Last Saturday, I attended the first ever YA Author Fest at the Pickerington library in Columbus, OH. Twelve YA authors from the area came together to discuss their books, talk about the writing process and answer reader’s questions. The authors were Melissa Landers, Carey Corp & Lorie Langdon, Edith Pattou, Jasmine Warga, Erin McCahan, Mindy McGinnis, Emery Lord, Liz Coley, Geoffrey Girard, Natalie D. Richards, Ryan Gebhart. It was a great event for a library to host because it’s so rare to find so many published YA authors together, outside of a workshop or conference (and even then it doesn’t seem very common.) I wish other libraries would start following suit and organize more of these events for YA and middle-grade authors. It seems to be a win-win for all involved.
I had a mixture of emotions while listening to the authors speak, but I probably felt more motivation than anything else. As an aspiring writer, there’s nothing that lights a fire under me like seeing other writers achieve their dreams. I have met about half of the authors at previous events, and it’s really fantastic to hear them announcing new upcoming books and projects. It reminds me that it really is possible to live that life even if you aren’t from New York or Los Angeles, have friends or family already in publishing, or have a publishing fairy in your shirt pocket. (I’m just assuming the last part isn’t true.) That’s not to say it’s easy or common, but it does mean it’s possible and sometimes I need to be reminded of that.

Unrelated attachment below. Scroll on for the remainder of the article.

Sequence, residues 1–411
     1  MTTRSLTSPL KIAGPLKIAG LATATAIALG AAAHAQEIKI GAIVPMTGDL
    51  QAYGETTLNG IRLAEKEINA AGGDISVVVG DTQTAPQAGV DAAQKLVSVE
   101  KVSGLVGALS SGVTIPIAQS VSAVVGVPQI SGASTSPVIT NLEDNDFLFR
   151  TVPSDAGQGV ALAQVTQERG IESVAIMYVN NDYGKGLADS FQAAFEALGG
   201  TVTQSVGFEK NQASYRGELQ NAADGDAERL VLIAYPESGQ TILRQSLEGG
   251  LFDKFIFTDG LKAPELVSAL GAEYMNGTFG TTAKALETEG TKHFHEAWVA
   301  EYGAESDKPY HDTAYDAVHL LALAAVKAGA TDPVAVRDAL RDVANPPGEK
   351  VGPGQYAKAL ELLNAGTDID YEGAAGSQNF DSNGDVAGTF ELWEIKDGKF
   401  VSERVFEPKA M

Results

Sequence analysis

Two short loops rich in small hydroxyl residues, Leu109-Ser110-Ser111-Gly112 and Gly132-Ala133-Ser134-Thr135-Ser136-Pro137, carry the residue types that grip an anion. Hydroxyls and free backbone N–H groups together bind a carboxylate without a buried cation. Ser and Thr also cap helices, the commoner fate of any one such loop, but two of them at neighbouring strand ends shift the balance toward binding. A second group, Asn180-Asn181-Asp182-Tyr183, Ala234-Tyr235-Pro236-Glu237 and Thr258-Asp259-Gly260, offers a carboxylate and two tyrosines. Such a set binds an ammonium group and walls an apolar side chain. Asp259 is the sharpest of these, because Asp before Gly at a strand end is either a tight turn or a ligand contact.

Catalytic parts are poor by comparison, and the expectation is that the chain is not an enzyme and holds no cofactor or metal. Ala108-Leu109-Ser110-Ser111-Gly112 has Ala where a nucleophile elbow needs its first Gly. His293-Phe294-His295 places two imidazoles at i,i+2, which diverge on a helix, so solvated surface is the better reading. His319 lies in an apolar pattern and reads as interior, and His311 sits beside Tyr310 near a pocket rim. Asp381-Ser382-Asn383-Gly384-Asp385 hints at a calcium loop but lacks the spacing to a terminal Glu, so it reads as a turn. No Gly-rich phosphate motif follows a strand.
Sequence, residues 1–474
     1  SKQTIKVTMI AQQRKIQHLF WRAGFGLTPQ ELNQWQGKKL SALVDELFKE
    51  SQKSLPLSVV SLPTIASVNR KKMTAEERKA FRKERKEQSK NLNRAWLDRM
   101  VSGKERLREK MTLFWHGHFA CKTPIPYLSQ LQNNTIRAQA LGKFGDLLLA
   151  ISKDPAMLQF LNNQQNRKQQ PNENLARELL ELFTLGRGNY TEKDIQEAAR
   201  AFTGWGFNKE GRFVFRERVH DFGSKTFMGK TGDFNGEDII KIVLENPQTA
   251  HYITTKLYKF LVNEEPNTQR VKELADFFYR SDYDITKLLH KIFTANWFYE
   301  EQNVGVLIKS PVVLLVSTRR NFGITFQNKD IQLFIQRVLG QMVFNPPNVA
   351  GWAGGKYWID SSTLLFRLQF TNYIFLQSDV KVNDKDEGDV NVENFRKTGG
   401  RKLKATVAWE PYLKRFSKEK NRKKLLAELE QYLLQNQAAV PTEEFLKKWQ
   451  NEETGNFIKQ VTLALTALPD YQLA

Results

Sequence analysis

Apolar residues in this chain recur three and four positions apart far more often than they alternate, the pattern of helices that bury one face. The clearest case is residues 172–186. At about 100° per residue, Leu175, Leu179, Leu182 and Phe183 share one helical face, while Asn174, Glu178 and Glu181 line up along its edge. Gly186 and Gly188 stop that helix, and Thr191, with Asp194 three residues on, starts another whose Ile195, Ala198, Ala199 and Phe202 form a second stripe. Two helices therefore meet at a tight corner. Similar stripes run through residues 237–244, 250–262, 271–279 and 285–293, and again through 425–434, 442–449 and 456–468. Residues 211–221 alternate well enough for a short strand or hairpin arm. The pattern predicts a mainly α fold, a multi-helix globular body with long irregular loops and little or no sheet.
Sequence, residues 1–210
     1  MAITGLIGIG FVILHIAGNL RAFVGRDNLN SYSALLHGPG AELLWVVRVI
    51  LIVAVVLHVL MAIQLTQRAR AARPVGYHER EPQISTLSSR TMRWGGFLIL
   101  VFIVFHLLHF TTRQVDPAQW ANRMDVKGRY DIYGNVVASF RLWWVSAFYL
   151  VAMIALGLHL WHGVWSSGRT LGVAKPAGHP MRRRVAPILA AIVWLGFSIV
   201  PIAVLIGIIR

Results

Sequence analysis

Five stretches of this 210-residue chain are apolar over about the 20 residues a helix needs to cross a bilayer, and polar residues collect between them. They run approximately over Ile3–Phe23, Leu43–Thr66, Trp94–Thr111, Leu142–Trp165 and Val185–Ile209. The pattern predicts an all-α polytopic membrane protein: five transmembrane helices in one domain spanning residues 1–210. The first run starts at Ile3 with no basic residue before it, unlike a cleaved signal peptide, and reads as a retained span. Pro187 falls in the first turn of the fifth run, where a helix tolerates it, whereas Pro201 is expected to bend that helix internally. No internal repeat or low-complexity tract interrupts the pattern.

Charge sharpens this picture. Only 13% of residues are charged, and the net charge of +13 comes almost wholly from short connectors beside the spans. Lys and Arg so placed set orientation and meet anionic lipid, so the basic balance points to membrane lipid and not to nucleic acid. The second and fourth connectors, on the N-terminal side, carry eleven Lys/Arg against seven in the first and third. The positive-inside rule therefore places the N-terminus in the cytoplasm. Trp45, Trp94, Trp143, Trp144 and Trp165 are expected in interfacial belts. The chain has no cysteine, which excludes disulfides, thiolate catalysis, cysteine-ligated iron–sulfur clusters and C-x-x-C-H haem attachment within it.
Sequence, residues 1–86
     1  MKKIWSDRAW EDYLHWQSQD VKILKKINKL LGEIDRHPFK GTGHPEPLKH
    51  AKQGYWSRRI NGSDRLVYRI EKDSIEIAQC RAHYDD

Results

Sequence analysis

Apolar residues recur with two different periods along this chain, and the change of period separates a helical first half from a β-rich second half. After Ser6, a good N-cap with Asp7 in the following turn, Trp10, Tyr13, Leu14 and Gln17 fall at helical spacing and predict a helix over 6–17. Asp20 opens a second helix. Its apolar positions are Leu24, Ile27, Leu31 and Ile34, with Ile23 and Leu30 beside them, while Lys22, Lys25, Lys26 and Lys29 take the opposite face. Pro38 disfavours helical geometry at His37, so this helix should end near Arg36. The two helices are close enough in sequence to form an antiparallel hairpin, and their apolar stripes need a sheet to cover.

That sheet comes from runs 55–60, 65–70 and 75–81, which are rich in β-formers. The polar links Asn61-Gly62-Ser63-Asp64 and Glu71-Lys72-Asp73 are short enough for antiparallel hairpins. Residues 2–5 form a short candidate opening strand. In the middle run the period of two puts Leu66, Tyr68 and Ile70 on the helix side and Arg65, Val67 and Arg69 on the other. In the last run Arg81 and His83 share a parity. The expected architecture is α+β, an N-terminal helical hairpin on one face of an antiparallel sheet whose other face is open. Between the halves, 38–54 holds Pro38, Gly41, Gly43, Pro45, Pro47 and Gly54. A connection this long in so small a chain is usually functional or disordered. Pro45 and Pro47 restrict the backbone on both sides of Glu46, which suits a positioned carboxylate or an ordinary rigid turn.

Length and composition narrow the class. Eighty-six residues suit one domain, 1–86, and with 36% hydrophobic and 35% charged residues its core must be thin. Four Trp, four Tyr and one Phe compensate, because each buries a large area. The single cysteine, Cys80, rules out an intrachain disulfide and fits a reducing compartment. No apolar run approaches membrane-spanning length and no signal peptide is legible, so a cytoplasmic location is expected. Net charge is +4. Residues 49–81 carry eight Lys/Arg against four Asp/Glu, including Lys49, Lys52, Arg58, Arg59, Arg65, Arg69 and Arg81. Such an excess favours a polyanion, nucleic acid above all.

I also felt so inspired (to the point of getting teary-eyed a few times—I know, total dork) to see young teen readers in awe over their favorite authors. There were multiple young girls with their mothers or grandmothers who wanted to become writers themselves. This event gave them the ability to speak face-to-face with real authors and realize (just like me) that they are flesh and blood like everyone else. At one point, a young girl I was standing behind told Natalie Richards that her book inspired her to want to be an author. Can there ever be a greater compliment than that for an author? I can’t think of one.
This brings me to my last emotion. Watching all of this gave me an enormous sense of…longing to be on the other side of the table, giving writing and publishing advice instead of receiving it. I know I still have a long way to go, but I couldn’t stop myself from dreaming about a day when I’d be sitting at a folding table, sweating in the sun, and have a young kid tell me that my writing inspired them to also write. That’s absolutely a new life goal of mine.
At first I felt a little guilty for feeling this way, but then I figured that if I attended an event like this and didn’t wish I was autographing copies of my own book than that might spell trouble. Writing is too difficult and time-consuming to continue if I don’t love it and want to be successful with every ounce of my being. No matter what the future brings, I hope I always feel the same way I did that Saturday: motivated, inspired, with just a little longing mixed in. Those are the feelings that will get me through the long slog ahead until my name is on a future Pickerington library advertisement.